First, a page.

I see at least four Frontline clamps thats a fairly large capital outlay!

I needed some in Sep 2016 but found all available types were beyond my budget so I had to make my own.

An aside.
A1Jim has a post about home made lasers maybe you could add some professional advice?

In closing

A most imrpessive builld!

-- Regards Rob

View LittleBlackDuck's profile


4672 posts in 1591 days

#4 posted 11-02-2017 08:51 AM

rc, will try to answer your questions.

1. That white instrument is a new Churchill invention called a timer. I used to put a piece of wood on the squeeze out and when I couldn’t lift it off, the glue had dried… not a recommended timer. Now my dinners get overcooked but not my glue up.
2. Yes they are significantly different though they could be used upside down. I used to get cheesed off when I set everything up, glued up the boards and found that I had the up clamp down. This way I just have to read and not think.

Agree, every household should have a flocker. This is mine, brought to me as needed,

My flock is usually red but goes green after a few daze.

The Frontlines are a major capital outlay. I initially bought 2 (though that was a furfie as 2 are not enough). Fortunately I had a mate that needed many panels quickly for a well paid contract job. H wanted a minimum clean up (sanding etc…) before cutting to size. He bought 2 to add to my collection and after we finished the project he gave me his two as part payment…

They well and truly pay for themselves and if you include your labour time into projects the payback accelerates like carzy.

I have seen many a great shop made clamps, however, they all seem to lack the two way motion (and force) of the Fontline.

Bottom line… a dowel joint is great, however, a lot of people go down the track of the $$$ Domino…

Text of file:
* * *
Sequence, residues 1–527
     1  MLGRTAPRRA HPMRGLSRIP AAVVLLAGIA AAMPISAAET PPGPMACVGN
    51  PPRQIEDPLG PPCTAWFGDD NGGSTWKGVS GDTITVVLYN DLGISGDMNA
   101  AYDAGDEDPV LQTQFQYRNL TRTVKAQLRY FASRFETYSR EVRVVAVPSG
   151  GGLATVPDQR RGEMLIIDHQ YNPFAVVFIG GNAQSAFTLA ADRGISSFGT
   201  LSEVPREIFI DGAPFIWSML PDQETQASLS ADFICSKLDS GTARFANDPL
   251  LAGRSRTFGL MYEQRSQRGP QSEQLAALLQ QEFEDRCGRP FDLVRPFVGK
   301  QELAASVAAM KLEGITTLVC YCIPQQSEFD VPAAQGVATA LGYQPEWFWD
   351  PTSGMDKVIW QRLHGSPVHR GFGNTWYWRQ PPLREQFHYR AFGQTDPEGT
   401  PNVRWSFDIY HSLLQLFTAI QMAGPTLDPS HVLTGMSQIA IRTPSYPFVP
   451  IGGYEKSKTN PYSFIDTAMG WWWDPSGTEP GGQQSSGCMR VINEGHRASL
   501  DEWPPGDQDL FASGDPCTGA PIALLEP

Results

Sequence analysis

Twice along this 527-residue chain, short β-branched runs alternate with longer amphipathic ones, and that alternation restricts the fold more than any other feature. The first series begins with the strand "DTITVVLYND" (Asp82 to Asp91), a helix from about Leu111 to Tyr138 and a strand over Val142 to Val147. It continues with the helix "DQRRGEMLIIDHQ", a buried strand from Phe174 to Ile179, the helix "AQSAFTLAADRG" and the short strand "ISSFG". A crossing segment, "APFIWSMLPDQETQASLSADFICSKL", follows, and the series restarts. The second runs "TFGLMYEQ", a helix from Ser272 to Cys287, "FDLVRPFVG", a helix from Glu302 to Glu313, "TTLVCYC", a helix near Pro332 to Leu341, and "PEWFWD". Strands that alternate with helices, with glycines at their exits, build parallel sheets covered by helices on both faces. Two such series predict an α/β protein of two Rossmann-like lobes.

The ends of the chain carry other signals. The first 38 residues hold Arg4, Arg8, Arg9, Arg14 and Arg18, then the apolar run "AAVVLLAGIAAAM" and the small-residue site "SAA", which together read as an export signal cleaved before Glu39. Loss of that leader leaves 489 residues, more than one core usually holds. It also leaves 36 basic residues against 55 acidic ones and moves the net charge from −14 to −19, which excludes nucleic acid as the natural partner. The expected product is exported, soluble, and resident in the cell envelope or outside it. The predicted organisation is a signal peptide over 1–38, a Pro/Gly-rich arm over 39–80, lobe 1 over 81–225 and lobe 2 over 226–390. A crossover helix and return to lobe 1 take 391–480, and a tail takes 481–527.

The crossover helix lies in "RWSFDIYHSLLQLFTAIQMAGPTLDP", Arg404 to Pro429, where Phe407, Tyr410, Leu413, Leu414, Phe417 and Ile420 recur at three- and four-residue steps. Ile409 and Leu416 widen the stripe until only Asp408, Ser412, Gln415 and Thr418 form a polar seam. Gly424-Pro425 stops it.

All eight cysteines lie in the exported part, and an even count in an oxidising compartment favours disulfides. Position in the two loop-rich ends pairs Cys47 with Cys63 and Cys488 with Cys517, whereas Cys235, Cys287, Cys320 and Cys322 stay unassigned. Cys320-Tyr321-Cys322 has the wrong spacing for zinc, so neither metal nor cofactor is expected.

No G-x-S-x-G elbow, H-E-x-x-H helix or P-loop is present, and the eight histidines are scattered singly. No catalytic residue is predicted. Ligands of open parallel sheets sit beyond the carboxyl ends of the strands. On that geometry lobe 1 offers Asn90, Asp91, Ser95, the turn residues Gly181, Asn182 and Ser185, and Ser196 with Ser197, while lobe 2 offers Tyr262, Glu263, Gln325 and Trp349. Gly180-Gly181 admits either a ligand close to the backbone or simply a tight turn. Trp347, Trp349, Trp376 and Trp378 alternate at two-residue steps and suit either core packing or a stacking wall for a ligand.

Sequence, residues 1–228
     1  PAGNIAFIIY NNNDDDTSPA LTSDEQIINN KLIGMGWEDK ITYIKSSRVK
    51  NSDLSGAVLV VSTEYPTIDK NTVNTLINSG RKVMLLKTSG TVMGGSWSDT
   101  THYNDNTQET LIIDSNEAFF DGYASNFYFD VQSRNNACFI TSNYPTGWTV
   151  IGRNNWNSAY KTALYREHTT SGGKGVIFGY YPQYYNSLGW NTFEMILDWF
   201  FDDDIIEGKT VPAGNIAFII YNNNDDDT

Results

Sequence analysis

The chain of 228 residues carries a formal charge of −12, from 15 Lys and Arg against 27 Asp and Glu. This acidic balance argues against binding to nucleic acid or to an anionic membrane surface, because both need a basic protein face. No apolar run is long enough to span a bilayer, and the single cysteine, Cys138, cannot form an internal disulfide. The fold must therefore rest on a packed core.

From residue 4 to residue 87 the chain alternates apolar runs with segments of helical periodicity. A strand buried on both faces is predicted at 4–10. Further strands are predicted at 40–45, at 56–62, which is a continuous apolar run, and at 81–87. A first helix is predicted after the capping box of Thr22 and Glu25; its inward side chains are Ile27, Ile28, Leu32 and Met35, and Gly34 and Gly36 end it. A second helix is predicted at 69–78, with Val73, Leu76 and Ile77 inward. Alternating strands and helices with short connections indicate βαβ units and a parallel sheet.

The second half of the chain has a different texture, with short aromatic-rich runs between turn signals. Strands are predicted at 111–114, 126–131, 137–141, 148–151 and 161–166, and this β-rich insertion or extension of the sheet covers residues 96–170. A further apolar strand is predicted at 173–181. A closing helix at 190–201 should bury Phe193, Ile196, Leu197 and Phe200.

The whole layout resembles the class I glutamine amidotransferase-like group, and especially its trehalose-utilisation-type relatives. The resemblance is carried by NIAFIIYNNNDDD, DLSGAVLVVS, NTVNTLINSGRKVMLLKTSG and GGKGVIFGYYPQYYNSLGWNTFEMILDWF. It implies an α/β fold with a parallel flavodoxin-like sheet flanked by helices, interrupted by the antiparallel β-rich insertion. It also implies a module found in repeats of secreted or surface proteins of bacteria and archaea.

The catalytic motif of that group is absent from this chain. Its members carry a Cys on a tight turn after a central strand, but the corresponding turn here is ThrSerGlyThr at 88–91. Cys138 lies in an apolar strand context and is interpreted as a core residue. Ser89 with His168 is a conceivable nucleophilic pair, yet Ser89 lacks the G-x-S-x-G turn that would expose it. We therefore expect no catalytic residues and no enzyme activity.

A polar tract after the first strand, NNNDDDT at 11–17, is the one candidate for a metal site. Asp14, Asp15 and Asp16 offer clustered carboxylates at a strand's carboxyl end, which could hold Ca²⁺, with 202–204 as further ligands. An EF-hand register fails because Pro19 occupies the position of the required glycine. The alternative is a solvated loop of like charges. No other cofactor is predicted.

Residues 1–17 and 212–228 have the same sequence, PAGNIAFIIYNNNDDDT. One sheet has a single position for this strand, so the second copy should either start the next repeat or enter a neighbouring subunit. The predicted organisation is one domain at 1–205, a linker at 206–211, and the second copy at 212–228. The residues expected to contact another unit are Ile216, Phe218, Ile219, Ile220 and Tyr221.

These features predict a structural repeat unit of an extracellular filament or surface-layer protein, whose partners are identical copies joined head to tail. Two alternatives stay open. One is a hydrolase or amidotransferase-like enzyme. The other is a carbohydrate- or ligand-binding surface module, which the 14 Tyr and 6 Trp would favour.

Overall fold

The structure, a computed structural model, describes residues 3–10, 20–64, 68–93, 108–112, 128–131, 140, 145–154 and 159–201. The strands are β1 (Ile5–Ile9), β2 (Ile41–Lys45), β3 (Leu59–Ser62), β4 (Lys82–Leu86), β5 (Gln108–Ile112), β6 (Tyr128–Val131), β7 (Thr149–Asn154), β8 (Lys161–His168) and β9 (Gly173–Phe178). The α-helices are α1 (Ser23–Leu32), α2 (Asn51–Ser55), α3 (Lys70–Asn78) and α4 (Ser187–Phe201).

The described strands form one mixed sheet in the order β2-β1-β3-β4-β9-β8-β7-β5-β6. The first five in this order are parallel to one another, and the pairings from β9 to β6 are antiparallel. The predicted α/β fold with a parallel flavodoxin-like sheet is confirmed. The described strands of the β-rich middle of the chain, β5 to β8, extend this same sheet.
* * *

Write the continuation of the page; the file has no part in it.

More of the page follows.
Couldn’t find any laser reference on A1Jim’s page.

-- If your first cut is too short... Take the second cut from the longer end... LBD

View robscastle's profile


7194 posts in 2974 days

#5 posted 11-02-2017 09:16 AM

Agree about the force that can be applied its massive,

Shoulda added the link in the first place

-- Regards Rob

View Redoak49's profile


4725 posts in 2758 days

#6 posted 11-02-2017 11:16 AM

Another outstanding project and a beautiful case. The ship build is just out of the world. The craftsmanship is something to be dreamed about.

Also, always a fun read….thanks

View helluvawreck's profile


32122 posts in 3636 days

#7 posted 11-02-2017 01:58 PM

Wow! What a beautiful ship model and it’s a wonderful case for showing it off. Both the ship and model case displays a lot of fine details and craftsmanship. The model is fantastic. It shows your dedication and perseverance. It is a beautiful eye catcher.

helluvawreck aka Charles

-- helluvawreck aka Charles,

View GR8HUNTER's profile


7538 posts in 1482 days

#8 posted 11-02-2017 02:32 PM

you blokes down under must have GREEN oceans or is it parked in your yard on the grass LMAO :<))
P.S. #4 asked me to ask you that question LOL :<))

-- Tony---- Reinholds,Pa.------ REMEMBER TO ALWAYS HAVE FUN